olaf at bigred.inka.de
Wed Dec 6 12:41:47 UTC 2000
> studies and servers needed to have 100 simultaneous
> readers (equivalent to a service population of 10,000)
> to break-even bandwidth. (The bandwidth of nnrpd
> requests would equal 2GB/day.) Most universities and
> small ISPs don't have that kind of service population.
Small ISPs, OK, but universities?
Another point which frequently is a source of gripe with _big_ ISPs is
quality of service. People want a server with little downtime and few
missing articles. Many also want a server with binaries. The quality
of the news server becomes an important factor in choosing ISPs
sometimes. Those who do put a lot of work and money into building a
good service themselves are not eager to ruin this by relying on any
kind of outsourcing.
> 1. Implement a proxy into nnrpd which makes a request to
> storage servers. The storage servers would split the
> load by only storing a subset of a full feed:
> - certain newsgroups
> - certain subsets of message IDs (subset of hash space?)
> - or certain dates (most recent 1GB?)
Doesn't Diablo do something like this already?
> 2. A NNTP equivalent to HTTP redirects.
> The news client would get something like a HTTP 304 response to
> a GROUP, (which included authentication credentials) and then
> would connect to another server.
This, like other means of distributing/outsourcing reader load, does
not sufficiently take into account the problem of access. I presume the
percentage of Internet-_application_ users who don't have a connection
to the _Internet_ is growing, not shrinking. The point where most users
are in RFC1918 adress space or behind firewalls may soon be reached.
A fundamental requirement on any protocol extension must be that it be
proxy-friendly from the start. Don't make the same mistake as with
> 3. To do article-by-article redirects, a connectionless NNTP
> might be of some help, but it is probably better to
> piggyback on HTTP for this. (Standardize a MIME type and URI
> scheme for a newsgroup article, etc.) (Yes I know there already
> is a news: scheme, which isn't going to work here. We need
> something that is stateless.)
I see no problem protocol-wise, only with the client and server software.
>GET news:<abcdef at isp.example.com> HTTP/1.0
<HTTP/1.0 200 OK
This can even be pipelined with HTTP/1.1. We could also implement
XOVER or LISTGROUP etc. this way:
>GET news:misc.test/xover/12345-12456 HTTP/1.0
<HTTP/1.0 200 OK
<12345 test Joe Blow <jblow at example.edu> ...
Using HTTP for this kind of queries has the advantage that it takes
away the dependence on a certain NNTP server, and it transparently
handles proxying. (Note that I always use a proxy URL scheme here.)
It can also use HTTP authentication, it can also do POST, etc.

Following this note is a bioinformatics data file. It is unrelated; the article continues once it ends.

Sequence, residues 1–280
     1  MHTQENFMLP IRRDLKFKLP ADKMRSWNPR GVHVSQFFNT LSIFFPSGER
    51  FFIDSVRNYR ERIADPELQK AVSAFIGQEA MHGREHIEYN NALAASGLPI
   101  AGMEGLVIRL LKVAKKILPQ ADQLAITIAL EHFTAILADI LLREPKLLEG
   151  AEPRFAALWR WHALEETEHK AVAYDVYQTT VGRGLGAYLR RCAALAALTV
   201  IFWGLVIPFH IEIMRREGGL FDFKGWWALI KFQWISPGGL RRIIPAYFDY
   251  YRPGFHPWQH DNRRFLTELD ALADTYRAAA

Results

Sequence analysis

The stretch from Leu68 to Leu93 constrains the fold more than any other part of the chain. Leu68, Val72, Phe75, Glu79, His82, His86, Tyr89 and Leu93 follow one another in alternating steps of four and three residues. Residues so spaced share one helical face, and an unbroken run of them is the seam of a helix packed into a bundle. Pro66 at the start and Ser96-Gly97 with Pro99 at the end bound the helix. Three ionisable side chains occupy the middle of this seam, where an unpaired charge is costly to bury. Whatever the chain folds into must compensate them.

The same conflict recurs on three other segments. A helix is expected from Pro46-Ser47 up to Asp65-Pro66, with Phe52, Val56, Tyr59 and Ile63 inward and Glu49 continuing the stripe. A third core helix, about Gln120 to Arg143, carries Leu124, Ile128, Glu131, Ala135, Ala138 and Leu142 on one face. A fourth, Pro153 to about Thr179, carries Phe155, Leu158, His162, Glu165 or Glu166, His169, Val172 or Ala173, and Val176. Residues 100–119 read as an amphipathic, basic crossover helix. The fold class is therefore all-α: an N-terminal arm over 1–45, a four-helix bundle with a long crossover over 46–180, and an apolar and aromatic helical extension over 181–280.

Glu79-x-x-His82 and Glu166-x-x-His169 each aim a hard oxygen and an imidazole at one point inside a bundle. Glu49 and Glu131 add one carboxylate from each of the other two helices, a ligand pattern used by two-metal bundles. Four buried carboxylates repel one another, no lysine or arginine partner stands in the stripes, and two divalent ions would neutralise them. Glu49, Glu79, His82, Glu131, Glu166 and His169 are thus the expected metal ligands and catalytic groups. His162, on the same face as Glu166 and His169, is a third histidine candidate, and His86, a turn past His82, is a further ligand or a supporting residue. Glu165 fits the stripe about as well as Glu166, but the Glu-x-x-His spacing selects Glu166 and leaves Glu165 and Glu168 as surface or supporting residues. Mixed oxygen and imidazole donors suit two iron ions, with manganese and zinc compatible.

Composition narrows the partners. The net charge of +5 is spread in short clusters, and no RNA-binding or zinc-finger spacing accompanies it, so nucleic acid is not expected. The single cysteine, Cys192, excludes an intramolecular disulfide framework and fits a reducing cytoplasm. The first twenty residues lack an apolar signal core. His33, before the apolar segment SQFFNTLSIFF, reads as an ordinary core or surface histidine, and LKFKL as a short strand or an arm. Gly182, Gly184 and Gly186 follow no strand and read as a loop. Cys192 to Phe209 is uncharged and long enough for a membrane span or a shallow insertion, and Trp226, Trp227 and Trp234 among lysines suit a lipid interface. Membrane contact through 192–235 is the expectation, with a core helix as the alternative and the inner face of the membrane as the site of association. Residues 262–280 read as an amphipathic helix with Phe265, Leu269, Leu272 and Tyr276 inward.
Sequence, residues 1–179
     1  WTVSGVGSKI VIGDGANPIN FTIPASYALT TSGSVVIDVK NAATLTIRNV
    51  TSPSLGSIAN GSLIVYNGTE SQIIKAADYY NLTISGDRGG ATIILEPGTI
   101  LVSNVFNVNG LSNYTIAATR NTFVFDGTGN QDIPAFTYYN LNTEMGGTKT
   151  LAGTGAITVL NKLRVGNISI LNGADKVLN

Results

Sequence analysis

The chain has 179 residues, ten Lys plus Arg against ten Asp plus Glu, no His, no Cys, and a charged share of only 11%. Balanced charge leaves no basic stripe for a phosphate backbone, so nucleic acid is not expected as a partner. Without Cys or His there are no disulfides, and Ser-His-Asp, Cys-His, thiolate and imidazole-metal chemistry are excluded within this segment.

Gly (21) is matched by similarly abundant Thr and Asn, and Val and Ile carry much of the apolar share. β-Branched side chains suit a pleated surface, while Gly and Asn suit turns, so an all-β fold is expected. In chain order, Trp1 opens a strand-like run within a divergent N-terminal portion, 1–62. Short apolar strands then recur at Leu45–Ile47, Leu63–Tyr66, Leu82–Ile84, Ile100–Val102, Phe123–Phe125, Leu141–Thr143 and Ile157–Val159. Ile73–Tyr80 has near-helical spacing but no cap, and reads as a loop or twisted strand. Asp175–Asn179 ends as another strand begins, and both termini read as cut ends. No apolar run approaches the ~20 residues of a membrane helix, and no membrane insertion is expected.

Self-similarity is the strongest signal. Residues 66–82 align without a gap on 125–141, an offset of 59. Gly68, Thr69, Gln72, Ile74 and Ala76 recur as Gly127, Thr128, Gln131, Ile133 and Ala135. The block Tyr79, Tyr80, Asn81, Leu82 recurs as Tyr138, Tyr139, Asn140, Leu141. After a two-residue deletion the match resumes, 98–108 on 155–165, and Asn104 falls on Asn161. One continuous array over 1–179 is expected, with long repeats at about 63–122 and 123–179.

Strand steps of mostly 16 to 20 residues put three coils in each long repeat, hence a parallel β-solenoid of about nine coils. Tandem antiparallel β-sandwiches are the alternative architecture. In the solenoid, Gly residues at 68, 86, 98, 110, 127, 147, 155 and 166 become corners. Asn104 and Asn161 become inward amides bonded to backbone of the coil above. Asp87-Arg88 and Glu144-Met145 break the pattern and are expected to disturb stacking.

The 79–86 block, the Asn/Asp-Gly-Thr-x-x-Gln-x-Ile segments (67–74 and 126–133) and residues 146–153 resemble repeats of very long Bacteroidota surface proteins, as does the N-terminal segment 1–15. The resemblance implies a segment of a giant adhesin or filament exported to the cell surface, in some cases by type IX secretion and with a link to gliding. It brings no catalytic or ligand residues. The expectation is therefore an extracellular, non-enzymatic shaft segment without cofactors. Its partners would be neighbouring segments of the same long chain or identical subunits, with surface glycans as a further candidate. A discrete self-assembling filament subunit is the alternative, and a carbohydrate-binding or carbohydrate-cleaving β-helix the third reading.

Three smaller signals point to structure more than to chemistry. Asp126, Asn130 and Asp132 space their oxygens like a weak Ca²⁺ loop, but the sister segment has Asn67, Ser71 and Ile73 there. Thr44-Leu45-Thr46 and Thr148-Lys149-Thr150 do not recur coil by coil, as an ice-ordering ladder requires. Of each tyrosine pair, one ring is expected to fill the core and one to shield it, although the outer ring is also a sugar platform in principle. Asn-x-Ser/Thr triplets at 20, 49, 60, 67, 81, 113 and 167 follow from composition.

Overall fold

To implement this, new ultra-lightweight server side software would be
the key. Considering the years of experience which went into improving
Apache's performance to the current level, I don't think anyone can
come up with a good solution any time soon.
The beauty of a scheme like this is that it allows to solve all kinds
of distribution/proxying/outsourcing/balancing issues on the server
side. What the clients need is to configure one address as their news
server, connect to that server (which is in their RFC1918 address
space) only and have the server handle all the rest. Look at how this
works with IRC for another example.
One big problem you didn't even mention: there has to be some way to
keep article numbering consistent. This also is a server-side issue,
clients will just see what the server presents to them.
> To make any successful there has to be some consensus
> to use new methods of cooperation. What's the best way to
> foster and reach that consensus? What modes of cooperation
> and load sharing are most likely?
A solution which takes into account all psychological issues with
running and using Usenet service as it is now, and this means taking
into account the many reasons not to rely on anything outside, even
though technically redundancy isn't as important as in the UUCP days.
Anything which reeks of centralization or global setting of
operational standards is bound to fail, not because it is
technologically inferior but because people will reject it.
> Others probably already have given thought to some of those
> ideas. What issues do admins need to have addressed before
> they start opening up their servers and cooperating more?
Opening up the servers isn't the most important issue, IMHO. I know
many people whose only objections against opening up would be load on
their server and spam. Any proposal which _distributes_ load better
would be welcome, and the problems with abusive postings are best
solved with requiring user authentication and taking action against
Spam is yet another problem - it has to be controlled at the immediate
source. I think an absolute requirement on any new news software would
be that it has some way of rate-limiting and EMP detection built in at
the POST command.
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